Hanukkah Doughnuts from Mozart Café in Boca Raton (Recipe)
Obviously, with the passing of Halloween, the mall and every other commercial outfit have gone full swing toward the gift-giving holidays -- got to get everyone spending ASAP.
While in many ways the full fledged capitalistic display is grossly annoying, this year it almost makes sense. Hanukkah is starting just before Thanksgiving on Wednesday, November 27.
That's less than three weeks from now. To get prepared in time, you better pull out your recipe books stat.
In an effort to help you on your culinary quest, we got Mozart Cafe's pastry chef Moran Shatashvili to give us the recipe for his Hanukkah doughnuts.
This recipe makes about 15 individual sufganiot, Israeli doughnuts. If you're looking to get a bite without putting in the work, these sweet kosher treats are available for purchase at Mozart.
One pound high gluten flour
One ounce fresh yeast
¾ whole milk (room temperature)
1½ ounces unsalted butter
¼ cup sugar
Step One: Using a dough hook attachment on a mixer, combine the flour and the yeast for one minute.
Step Two: Add the milk, butter, and eggs and mix on medium speed until dough comes together. If the dough is too sticky add a little flour.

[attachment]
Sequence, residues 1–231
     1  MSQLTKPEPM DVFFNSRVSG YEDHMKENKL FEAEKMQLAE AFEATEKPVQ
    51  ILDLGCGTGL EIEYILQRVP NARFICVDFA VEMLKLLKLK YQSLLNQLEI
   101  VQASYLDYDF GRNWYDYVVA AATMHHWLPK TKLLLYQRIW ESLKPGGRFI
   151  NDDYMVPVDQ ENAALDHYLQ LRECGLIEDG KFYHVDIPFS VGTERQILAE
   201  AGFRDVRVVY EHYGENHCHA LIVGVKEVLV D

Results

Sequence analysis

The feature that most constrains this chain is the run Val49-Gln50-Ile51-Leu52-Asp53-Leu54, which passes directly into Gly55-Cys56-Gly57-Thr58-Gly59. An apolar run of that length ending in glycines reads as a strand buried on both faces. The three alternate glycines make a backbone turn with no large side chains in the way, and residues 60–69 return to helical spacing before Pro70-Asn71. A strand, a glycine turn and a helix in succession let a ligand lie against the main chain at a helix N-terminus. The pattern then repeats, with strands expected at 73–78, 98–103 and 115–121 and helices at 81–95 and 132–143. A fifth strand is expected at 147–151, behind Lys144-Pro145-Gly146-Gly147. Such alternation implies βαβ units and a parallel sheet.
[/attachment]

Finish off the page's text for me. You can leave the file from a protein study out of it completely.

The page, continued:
Step Three: Once the dough comes together in the shape of a ball, increase the speed to medium high. Mix until the dough looks smooth and shiny, approximately seven minutes.
Step Four: Remove dough hook, leaving dough in bowl. Cover the bowl with plastic wrap that has been lightly sprayed pan spray to prevent sticking; let dough double in size in warm area in kitchen, such as the top of the fridge.
Step Five: On floured surface, cut egg sized pieces (approximately three ounces each) and form into balls, using your hand to cup the dough in circular motion.
Step Six: Place the dough balls three inches apart on a oiled cookie sheet.
Step Seven: Cover the cookie sheet with sprayed plastic wrap and proof second time in warm place, untill they double in size. Make sure no air gets in, but wrap loosely enough to allow the dough to rise.